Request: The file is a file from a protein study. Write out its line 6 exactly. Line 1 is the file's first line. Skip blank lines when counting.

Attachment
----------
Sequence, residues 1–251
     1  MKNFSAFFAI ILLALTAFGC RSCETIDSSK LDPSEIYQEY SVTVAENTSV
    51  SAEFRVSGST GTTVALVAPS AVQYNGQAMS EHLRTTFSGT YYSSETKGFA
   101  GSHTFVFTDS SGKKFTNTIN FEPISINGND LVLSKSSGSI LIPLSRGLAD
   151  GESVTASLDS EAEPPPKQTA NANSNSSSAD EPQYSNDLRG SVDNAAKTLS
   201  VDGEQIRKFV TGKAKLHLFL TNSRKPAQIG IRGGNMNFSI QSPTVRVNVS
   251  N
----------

   201  VDGEQIRKFV TGKAKLHLFL TNSRKPAQIG IRGGNMNFSI QSPTVRVNVS